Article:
June 26, 2014 in Appointment and Removal Powers, Cases and Case Materials, Congressional Authority, Executive Authority, News, Opinion Analysis, Separation of Powers | Permalink | Comments (2) | TrackBack (0)
Monday, June 23, 2014
The Second Circuit today released a redacted version of the DOJ/OLC memo outlining the government's legal authority for the use of a drone attack to kill Anwar al-Aulaqi (sometimes spelled al-Awlaki). We've blogged extensively about this issue, including here, on the earlier released white paper outlining the government's authority to conduct the same attack.
The released version does not include the first 11 pages of the memo, presumably including the information that the government passed on to the OLC about al-Awlaki that formed the basis of the analysis. It's not clear whether that first 11 pages included other material or analysis. (The released version starts with "II.") There are other redactions throughout, especially in the portion analyzing the CIA's authority to conduct drone attacks.
The analysis in the memo differs slightly from the analysis in the earlier white paper, but, because of the redactions, it's not clear how much this matters. Thus, for example, the analysis released today makes a careful distinction between DoD authority and CIA authority to conduct a targeted drone attack. (The earlier white paper didn't make this clear distinction.) But it's not entirely clear why or how that distinction is significant, given that much of the CIA analysis is redacted. The analysis released today is also more fact specific. (The earlier white paper didn't so clearly limit itself to the facts of one case.) But the memo today redacts the facts, so we don't know them.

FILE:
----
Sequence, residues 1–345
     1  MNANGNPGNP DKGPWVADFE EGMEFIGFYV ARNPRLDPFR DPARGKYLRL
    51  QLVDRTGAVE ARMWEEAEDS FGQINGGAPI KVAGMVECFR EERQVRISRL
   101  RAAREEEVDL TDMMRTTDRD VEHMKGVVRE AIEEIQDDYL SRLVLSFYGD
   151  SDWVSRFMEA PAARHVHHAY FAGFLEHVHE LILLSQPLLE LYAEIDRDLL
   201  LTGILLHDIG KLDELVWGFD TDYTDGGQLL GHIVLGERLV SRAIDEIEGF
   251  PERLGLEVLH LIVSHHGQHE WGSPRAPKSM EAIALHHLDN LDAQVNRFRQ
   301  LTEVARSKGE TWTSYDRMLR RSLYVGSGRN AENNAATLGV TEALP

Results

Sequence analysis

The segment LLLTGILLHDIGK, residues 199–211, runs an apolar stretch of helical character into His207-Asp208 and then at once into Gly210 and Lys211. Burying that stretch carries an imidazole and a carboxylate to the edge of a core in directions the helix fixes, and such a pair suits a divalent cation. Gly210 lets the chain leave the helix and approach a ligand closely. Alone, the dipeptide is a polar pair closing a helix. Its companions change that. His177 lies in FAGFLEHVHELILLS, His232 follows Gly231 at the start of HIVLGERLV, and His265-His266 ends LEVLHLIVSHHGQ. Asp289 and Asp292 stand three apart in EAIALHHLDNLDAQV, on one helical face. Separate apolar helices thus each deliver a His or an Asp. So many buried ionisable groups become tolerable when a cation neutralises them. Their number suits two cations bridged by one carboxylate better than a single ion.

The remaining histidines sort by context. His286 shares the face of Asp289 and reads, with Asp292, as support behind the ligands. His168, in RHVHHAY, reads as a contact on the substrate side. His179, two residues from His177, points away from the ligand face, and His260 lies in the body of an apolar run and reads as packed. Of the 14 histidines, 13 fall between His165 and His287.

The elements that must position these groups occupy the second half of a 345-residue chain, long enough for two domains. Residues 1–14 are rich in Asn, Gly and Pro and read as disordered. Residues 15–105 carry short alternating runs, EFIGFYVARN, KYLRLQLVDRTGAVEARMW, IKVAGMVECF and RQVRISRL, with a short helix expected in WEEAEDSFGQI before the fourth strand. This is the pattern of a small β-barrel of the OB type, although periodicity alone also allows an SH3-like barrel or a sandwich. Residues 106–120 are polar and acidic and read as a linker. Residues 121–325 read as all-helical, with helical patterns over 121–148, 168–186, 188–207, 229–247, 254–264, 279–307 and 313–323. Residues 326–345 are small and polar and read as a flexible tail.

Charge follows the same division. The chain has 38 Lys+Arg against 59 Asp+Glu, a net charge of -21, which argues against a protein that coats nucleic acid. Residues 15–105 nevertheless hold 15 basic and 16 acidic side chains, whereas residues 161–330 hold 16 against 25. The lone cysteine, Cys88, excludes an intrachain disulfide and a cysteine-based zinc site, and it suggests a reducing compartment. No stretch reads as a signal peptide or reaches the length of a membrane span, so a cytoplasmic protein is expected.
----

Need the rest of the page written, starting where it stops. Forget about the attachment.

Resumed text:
Other than those points, the analysis released today doesn't appear to be importantly different than the earlier white paper.
As we've noted, and as others have noted, the analysis leads to the surprising result that the government may be able to kill someone by drone attack more easily than it may detain them (with due process under Hamdi). Still, we don't know this for sure, because we don't know precisely what processes the government used in killing al-Awlaki: that detail is redacted from the memo.
The memo starts by outlining the statutory prohibition on foreign murder of a U.S. national--the federal provision that outlaws one U.S. national from killing another overseas. That provision, 18 U.S.C. 1119(b), says that "[a] person who, being a national of the United States, kills or attempts to kill a national of the United States while such national is outside the United States but within the jurisdiction of another country shall be punished as provided under sections 1111, 1112, and 1113." Section 1111 penalizes "murder," defined as "the unlawful killing of a human being with malice aforethought." The memo thus centers on whether al-Aulaqi's killing was "unlawful."